The purpose of Groups is something that Zuckerberg has talked about a lot. In 2017, in the midst of a fake news epidemic and during the lead-up to a Cambridge Analytica-fuelled haze, Zuckerberg wrote about the importance of community and his desire to lean harder into Groups. He said there were millions involved, but he wanted 1 billion. And while Groups certainly is the go-to community builder on social media, it's also a rampant space for trolling, organized chaos, harassment, and propaganda.

    This year, Facebook also began trialling a subscription service for group admins who were looking to gain a bit more than friends from growing a community: money. The move represents a shift in the way Groups, as a whole, could work in the future. At a Facebook event last month, company reps waxed lyrical about the potential media companies had to make their own groups – pointing to examples like the New York Times Australia group. What happens when Facebook turns around and tells media outlets they can charge for these groups? Make a Facebook account, pay a small fee, and join a community of 100,000-plus who eagerly anticipate news drops from their favourite writers (who, you betchya, also have verified Facebook pages). There is money to be made.

    Other parts of Weird Facebook, like the chaotic and often hilarious name-changing of a group where literally every member is an admin, have also felt the wrath that comes from acting in ways that are counter to Zuckerberg's ideal community.

    Last week, Facebook brought in a new rule that stopped admins from changing the name of their group more than once every 28 days. A spokesperson for Facebook said users have “expectations” for groups they're joining – and constantly changing the group's name would be flying in the face of that. So, for the sake of community, says Facebook, this community must be stopped.

    But the thing about Weird Facebook and the thousands of groups it has sprouted is that, while not conforming to the social giant's idea of “community”, they are communities nonetheless.

    There are theories about “getting Zucc'd” and how Facebook as a whole has been mitigating the growth of Weird Facebook: that it is hiding groups from people's feeds unless they search for them; edgier groups (like a sexual memes community) can be flagged and then deleted permanently; and that the site has a shadow ban feature (getting “shadowzucced”) which stops a group's content from appearing in News Feeds.

    “They want us to conform, to be sure,” said Jeff Conner. “But the thing is that we (collectively) will find ways through to freedom and fun, like water finds a way.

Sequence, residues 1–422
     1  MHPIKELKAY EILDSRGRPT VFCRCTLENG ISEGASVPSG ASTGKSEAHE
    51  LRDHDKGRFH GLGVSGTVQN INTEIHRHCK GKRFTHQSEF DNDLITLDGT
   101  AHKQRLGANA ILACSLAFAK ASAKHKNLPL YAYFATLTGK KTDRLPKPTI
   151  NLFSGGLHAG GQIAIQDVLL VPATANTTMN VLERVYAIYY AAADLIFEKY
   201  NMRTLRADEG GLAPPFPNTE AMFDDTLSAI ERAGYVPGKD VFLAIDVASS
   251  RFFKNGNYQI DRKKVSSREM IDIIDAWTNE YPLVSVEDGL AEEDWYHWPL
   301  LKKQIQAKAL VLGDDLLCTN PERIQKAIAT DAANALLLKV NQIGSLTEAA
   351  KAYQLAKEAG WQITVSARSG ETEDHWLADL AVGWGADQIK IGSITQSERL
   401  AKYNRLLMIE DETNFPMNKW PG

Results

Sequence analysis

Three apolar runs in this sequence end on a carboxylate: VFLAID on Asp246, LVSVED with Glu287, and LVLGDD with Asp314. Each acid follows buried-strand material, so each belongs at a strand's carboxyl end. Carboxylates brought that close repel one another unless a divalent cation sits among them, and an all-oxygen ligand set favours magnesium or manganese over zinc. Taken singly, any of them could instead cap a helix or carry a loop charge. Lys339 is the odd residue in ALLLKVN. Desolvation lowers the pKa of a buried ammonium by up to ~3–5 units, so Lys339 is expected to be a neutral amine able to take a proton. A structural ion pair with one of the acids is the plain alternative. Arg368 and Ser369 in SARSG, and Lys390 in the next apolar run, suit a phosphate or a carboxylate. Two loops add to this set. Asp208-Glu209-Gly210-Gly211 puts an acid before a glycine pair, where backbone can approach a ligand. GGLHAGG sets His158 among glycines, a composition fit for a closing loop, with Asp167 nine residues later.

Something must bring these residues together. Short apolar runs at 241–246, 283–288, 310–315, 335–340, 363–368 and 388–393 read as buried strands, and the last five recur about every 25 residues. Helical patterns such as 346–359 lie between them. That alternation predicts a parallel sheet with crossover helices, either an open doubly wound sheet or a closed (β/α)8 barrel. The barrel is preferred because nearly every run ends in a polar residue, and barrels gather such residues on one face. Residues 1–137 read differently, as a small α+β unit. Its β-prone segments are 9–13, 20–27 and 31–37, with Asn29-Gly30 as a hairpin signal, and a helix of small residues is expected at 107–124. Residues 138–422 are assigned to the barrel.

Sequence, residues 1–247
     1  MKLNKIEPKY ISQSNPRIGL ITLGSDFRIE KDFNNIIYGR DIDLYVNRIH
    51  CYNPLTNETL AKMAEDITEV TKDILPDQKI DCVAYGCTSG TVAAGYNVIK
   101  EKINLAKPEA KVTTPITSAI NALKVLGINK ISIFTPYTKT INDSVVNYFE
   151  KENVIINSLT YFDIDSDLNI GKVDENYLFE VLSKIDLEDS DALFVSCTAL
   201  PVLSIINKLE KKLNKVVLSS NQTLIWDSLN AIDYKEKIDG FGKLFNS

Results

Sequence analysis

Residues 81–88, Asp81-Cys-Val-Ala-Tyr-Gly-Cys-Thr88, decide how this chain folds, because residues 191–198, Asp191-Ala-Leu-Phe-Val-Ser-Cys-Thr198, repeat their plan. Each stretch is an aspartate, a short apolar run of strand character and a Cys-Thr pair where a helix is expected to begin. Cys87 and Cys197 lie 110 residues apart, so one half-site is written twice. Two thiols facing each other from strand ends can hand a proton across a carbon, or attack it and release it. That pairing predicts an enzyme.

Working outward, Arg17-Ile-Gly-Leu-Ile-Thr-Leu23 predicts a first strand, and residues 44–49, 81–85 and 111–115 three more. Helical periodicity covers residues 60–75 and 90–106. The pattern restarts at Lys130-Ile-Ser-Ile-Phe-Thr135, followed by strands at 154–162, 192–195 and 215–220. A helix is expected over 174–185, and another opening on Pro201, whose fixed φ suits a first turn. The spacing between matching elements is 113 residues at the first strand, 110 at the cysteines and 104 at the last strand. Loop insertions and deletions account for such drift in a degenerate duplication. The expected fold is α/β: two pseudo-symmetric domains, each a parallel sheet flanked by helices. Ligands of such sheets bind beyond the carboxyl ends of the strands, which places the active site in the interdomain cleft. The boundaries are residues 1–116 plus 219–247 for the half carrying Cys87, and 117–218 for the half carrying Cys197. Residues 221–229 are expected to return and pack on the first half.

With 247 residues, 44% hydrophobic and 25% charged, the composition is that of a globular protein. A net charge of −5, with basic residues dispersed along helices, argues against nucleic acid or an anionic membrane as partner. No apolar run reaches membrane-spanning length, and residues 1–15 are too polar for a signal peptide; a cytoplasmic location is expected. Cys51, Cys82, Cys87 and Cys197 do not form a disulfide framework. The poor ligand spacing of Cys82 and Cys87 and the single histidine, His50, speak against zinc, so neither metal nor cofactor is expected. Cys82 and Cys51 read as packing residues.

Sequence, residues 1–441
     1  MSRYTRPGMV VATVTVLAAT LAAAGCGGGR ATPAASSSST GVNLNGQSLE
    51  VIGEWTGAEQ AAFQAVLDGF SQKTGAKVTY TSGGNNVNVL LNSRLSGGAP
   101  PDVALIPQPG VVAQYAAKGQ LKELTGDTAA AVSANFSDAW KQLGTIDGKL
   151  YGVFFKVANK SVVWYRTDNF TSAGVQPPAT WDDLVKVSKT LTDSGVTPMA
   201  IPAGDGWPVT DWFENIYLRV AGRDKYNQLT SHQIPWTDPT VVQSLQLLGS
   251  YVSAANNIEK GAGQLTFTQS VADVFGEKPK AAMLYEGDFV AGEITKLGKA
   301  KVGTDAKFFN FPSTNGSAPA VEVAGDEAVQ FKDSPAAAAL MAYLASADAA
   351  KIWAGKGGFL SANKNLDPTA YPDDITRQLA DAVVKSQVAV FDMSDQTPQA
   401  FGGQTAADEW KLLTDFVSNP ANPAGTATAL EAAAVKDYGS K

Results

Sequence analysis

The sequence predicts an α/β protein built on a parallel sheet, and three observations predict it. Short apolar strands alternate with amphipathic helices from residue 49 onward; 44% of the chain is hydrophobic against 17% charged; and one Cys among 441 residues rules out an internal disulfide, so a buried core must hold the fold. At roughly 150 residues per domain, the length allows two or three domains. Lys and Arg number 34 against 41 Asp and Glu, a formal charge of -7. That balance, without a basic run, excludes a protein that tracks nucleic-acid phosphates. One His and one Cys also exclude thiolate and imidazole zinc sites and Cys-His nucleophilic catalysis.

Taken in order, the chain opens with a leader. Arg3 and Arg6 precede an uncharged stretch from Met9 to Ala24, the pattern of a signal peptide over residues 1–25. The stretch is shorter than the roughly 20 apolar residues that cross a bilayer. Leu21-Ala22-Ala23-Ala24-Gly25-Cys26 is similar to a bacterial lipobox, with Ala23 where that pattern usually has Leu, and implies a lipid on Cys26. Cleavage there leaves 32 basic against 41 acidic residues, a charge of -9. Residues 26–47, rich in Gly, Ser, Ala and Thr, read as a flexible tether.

“We don't cause a ruckus elsewhere; we just want our rooms to decorate as we wish.”

    Most fascinating about Weird Facebook and weirder groups is the relationships people have built. While friendships grown on the far more volatile side of Facebook might not be what Zuckerberg initially intended, they're still powerful. Unfortunately, these friendships carry with them a certain weight of anxiety, due to their reliance on Facebook and its often-changing policing of the terms and conditions.

    A veteran of Weird Facebook's groups community, Magey Todd, told BuzzFeed News that Facebook is the best platform a lot of people have to foster community. “Come for the tag groups, stay for the content groups that speak to you,” she said.

    Todd stopped keeping track of how many groups she was in after she passed 1,500, and also helps Fruitman manage his tag group. She says groups have been a wonderful source of happiness for her, but worries about the constant possibility that any of the groups she is in – and the friendships she has grown through them – could be Zucc'd. If that happened, those friendships would be gone. It can be hard enough finding an old high school friend – now imagine trying to remember the bizarre name of that one person you jokingly traded memes with in the MEMES ONLY Group before it was shut down.

    “What if [Facebook] really don't like tag group culture and try to put in mitigations for our behaviour?” she said. “It's absolutely possible.

    “The question is if anyone at Facebook actually wants to force the Groups feature to conform to some specific idea someone has, instead of just letting it be a creative and community-building outlet for those of us who want to use it in this way.”

    When a group gets Zucc'd, those in that community are often left attempting to reconnect with one another. Or they're just lost. “I don't think people are actively thinking, Fuck you, Mark Zuckerberg, I will destroy your website and salt the Earth,” said Todd, “but I'm very aware that some of the groups I'm in are not exactly Facebook approved.”

    In reality, Weird Facebook is an ecosystem owned by Facebook. Weird or not, it is at the mercy of the social giant.

    “In some ways, socialising like this feels like a given, because we do it all the time,” Todd explained. “But all of social media platforms are run by corporations for their stockholders. The incentives aren't always perfectly aligned, you know?”

    Facebook Groups are here to stay. In recent years, News Feeds became flooded with spam, fake news, and video links, steering the user experience away from its initial sense of social-first. Whether or not Weird Facebook will be able to continue its domination of the space remains to be seen. Is there potential for an exodus from Facebook's more intrinsic contributors? Sure.

    “Ask Myspace,” said Conner. “No social media has thus far had any longevity.

    “They all know that the fickle public could dump them at any time.”

    Brad Esposito is a news reporter for BuzzFeed and is based in Sydney, Australia.

    Contact Brad Esposito at bradley.esposito@buzzfeed.com.